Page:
What is it?
Fiasp contains insulin aspart, a rapid-acting insulin analog. Insulin analogs are man-made versions of the naturally occurring insulin. Fiasp is a type of rapid-acting insulin that is available in the bloodstream earlier than human insulin. Rapid-acting insulins such as Fiasp are commonly used in combination with long-acting insulins.
What is it used for?
Apidra is used to improve glycemic control in adults and children with diabetes.
How does it work?
Insulin aspart differs from human insulin in that the amino acid proline in position B28 is replaced by aspartic acid. As a result of these changes, insulin aspart is availabe in the blood stream more quickly after injection than human insulin.
Unopened vials and pens should be stored in a refrigerator, 36°F-46°F (2°C-8°C). In-use insulin can be kept at room temperature (below 86°F), away from direct heat and light. Insulin should not be stored in the freezer, and it should not be allowed to freeze. Discard if it has been frozen.
Apidra is contraindicated in patients who have had hypersensitivity reactions to insulin aspart or one of the excipients.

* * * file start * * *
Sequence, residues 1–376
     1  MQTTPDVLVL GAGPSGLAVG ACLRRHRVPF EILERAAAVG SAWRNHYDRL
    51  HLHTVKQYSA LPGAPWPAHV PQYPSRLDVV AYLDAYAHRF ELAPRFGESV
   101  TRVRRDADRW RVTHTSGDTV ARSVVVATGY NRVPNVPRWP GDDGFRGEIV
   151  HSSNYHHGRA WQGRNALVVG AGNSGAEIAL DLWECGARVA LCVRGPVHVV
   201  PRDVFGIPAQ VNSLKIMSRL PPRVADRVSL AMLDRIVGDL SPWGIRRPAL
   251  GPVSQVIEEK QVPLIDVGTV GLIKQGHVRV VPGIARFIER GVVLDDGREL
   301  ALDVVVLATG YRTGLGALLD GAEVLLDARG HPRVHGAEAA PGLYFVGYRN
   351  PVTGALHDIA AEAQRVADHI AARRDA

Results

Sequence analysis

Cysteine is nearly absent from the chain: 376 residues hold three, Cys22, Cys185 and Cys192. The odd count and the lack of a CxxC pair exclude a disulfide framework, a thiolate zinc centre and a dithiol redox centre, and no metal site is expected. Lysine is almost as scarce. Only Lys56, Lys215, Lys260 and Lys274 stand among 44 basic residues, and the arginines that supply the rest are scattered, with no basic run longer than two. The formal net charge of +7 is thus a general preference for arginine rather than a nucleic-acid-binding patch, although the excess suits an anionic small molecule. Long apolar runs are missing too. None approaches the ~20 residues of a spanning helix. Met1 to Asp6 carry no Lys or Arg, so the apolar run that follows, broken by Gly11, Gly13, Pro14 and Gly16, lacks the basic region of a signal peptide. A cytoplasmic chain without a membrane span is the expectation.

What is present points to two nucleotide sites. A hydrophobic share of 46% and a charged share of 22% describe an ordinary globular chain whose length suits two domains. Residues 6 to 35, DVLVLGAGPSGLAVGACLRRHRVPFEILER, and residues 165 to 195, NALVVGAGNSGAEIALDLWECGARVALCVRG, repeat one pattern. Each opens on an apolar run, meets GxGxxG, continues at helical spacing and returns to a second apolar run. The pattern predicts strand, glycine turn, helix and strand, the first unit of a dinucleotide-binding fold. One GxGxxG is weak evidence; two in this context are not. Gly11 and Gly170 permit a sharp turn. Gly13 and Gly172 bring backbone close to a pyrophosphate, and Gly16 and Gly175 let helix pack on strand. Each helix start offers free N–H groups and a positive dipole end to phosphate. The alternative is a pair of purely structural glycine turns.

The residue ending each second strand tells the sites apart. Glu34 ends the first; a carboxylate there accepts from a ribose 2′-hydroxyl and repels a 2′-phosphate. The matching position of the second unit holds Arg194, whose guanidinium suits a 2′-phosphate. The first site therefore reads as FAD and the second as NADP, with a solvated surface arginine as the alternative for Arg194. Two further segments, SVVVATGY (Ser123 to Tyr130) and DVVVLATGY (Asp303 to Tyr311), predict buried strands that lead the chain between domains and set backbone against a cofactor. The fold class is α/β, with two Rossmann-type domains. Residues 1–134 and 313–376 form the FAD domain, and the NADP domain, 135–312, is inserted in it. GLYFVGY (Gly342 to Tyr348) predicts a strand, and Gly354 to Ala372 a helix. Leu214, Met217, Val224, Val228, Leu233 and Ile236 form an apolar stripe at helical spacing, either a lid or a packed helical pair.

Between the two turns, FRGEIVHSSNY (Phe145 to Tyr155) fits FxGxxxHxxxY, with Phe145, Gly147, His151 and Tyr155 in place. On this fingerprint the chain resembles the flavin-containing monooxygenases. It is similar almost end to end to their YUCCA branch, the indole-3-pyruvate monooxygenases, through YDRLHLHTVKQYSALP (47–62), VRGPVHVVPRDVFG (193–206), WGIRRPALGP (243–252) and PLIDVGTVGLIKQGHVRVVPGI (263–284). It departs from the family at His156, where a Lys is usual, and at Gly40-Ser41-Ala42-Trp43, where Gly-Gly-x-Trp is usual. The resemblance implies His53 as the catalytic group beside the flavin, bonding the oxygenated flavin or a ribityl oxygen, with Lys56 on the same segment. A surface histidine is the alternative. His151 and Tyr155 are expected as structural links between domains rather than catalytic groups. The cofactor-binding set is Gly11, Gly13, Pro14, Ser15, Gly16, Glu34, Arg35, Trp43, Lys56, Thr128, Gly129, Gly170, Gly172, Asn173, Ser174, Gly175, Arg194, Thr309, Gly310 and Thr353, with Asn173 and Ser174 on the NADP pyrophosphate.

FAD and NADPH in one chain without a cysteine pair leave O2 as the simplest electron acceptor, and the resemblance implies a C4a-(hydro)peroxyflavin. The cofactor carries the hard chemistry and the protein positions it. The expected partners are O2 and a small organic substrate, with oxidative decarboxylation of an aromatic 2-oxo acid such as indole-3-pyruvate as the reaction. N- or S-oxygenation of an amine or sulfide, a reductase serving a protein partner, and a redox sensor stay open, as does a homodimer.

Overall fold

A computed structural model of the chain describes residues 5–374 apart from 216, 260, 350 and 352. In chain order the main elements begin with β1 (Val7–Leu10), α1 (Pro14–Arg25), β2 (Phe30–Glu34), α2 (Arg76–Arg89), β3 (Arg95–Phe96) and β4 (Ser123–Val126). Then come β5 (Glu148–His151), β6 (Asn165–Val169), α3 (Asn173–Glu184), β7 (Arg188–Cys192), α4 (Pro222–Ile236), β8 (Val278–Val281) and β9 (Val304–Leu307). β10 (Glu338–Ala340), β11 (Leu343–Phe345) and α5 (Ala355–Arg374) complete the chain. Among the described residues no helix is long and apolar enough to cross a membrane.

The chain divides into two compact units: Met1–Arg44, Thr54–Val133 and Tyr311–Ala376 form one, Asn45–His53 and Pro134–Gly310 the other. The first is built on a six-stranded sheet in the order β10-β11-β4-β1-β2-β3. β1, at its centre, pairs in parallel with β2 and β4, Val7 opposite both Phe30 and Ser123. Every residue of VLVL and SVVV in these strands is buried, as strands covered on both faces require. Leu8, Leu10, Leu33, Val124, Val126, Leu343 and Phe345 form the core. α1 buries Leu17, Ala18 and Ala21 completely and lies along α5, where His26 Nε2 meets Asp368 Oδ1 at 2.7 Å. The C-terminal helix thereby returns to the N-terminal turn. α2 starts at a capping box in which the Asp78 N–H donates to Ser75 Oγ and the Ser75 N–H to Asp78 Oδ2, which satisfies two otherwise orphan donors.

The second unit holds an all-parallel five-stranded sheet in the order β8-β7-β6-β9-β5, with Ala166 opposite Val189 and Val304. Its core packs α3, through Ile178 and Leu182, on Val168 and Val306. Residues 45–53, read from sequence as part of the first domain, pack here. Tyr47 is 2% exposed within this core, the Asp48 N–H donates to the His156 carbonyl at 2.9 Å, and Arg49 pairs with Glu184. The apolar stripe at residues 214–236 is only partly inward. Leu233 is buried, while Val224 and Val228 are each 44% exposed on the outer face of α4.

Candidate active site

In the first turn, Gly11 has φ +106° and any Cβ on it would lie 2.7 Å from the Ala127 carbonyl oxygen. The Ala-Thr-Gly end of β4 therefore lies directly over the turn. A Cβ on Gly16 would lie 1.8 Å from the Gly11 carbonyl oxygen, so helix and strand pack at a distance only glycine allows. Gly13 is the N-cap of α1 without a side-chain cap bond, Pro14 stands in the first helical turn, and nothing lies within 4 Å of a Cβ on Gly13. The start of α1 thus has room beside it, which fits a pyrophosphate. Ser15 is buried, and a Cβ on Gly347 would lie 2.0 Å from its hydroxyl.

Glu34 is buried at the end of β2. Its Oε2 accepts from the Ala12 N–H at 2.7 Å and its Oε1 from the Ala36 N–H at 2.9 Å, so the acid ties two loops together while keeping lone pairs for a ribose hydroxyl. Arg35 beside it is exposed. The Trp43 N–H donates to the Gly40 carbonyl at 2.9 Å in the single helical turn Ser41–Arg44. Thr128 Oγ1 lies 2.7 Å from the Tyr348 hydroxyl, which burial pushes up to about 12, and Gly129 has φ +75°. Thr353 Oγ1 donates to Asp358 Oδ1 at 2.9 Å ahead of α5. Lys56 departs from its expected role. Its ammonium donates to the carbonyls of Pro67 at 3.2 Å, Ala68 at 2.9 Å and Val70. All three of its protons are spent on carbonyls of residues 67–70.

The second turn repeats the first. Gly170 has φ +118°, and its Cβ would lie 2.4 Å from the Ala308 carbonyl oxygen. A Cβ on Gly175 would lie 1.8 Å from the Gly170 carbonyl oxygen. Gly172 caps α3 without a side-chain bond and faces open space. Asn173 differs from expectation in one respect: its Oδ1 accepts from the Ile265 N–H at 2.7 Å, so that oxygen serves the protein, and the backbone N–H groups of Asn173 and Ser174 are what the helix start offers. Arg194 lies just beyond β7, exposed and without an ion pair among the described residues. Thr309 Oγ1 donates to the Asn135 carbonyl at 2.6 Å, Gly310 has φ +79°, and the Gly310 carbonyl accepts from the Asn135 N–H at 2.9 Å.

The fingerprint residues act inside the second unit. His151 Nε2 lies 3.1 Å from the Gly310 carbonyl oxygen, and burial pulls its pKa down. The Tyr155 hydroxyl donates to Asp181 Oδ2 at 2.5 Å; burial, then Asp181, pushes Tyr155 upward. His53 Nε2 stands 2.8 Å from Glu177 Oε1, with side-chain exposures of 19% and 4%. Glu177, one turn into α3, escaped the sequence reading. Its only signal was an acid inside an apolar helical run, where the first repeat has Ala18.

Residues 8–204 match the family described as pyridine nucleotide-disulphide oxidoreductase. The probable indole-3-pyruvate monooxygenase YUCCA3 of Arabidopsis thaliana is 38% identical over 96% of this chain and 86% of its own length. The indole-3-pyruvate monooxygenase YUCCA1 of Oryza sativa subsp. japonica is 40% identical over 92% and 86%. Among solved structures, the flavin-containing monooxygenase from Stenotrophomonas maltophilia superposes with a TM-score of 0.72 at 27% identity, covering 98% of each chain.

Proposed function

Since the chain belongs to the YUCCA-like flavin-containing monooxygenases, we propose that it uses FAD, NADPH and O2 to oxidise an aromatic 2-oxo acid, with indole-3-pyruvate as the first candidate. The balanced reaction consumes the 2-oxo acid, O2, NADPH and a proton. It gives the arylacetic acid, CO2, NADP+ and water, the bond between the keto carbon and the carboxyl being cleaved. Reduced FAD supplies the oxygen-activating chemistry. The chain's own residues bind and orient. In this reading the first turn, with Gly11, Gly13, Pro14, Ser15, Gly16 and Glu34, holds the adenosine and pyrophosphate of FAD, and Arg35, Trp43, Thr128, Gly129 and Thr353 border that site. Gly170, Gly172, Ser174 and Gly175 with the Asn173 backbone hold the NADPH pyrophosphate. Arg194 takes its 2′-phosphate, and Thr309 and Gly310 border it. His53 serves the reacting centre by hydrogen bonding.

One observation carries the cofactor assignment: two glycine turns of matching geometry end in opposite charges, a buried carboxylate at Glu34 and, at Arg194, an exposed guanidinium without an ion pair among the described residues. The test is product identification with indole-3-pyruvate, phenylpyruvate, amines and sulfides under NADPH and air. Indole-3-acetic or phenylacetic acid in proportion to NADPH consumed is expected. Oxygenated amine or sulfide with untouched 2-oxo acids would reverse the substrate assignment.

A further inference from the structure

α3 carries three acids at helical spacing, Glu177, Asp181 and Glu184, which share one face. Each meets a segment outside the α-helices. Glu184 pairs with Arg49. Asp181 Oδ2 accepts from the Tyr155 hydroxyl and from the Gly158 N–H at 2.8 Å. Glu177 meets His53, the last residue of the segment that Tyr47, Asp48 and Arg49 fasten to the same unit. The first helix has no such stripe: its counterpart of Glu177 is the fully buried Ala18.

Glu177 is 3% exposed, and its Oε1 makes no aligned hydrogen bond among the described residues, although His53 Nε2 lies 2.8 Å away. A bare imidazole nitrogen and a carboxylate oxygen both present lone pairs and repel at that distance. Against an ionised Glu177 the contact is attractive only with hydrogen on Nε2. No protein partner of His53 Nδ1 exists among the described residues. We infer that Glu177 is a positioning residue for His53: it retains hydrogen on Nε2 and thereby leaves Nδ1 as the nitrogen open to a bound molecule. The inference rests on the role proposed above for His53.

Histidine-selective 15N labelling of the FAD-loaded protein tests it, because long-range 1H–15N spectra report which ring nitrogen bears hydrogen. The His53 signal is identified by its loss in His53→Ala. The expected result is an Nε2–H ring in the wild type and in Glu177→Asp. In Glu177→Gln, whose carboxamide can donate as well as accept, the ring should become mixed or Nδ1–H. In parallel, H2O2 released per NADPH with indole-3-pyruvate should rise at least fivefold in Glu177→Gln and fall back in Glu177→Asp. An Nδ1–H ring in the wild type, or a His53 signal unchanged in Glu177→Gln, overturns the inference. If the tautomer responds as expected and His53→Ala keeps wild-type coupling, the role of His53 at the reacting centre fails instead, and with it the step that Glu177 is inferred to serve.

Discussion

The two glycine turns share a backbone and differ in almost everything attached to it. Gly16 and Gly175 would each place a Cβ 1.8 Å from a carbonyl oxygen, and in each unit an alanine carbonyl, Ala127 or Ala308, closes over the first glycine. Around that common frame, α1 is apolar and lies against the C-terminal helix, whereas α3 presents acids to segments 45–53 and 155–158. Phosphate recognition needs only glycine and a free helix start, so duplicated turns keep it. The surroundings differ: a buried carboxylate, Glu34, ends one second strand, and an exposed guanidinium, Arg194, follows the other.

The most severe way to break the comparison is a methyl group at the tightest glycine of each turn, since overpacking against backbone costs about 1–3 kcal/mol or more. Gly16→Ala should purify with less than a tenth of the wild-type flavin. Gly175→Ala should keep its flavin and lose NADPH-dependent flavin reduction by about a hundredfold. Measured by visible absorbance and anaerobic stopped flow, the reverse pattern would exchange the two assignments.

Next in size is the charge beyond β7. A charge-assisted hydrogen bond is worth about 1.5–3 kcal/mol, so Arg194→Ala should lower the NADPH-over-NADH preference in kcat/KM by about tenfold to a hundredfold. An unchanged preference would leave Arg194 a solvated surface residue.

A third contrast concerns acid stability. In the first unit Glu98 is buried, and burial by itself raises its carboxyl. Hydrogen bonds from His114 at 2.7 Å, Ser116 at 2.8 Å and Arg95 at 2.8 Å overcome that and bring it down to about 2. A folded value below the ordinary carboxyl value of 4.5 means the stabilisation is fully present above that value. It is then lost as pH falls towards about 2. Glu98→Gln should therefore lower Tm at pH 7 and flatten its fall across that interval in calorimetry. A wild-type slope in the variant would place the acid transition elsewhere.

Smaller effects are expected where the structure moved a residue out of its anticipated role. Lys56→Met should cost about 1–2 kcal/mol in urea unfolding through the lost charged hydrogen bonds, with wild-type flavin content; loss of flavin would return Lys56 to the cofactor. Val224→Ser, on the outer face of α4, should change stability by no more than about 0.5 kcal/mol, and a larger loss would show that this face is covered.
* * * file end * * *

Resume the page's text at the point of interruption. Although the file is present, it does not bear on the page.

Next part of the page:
You should speak to your healthcare provider if you take one of the following medications: Antidiabetic agents, ACE inhibitors, angiotensin II receptor blocking agents, disopyramide, fibrates, fluoxetine, monoamine oxidase inhibitors, pentoxifylline, pramlintide, propoxyphene, salicylates, somatostatin analogs (e.g., octreotide), and sulfonamide antibiotics, GLP-1 receptor agonists, DPP-4 inhibitors, SGLT-2 inhibitors, atypical antipsychotics (e.g., olanzapine and clozapine), corticosteroids, danazol, diuretics, estrogens, glucagon, isoniazid, niacin, oral contraceptives, phenothiazines, progestogens (e.g., in oral contraceptives), protease inhibitors, somatropin, sympathomimetic agents (e.g., albuterol, epinephrine, terbutaline), thyroid hormones, alcohol, beta-blockers, clonidine, lithium salts, pentamidine, guanethidine, and reserpine.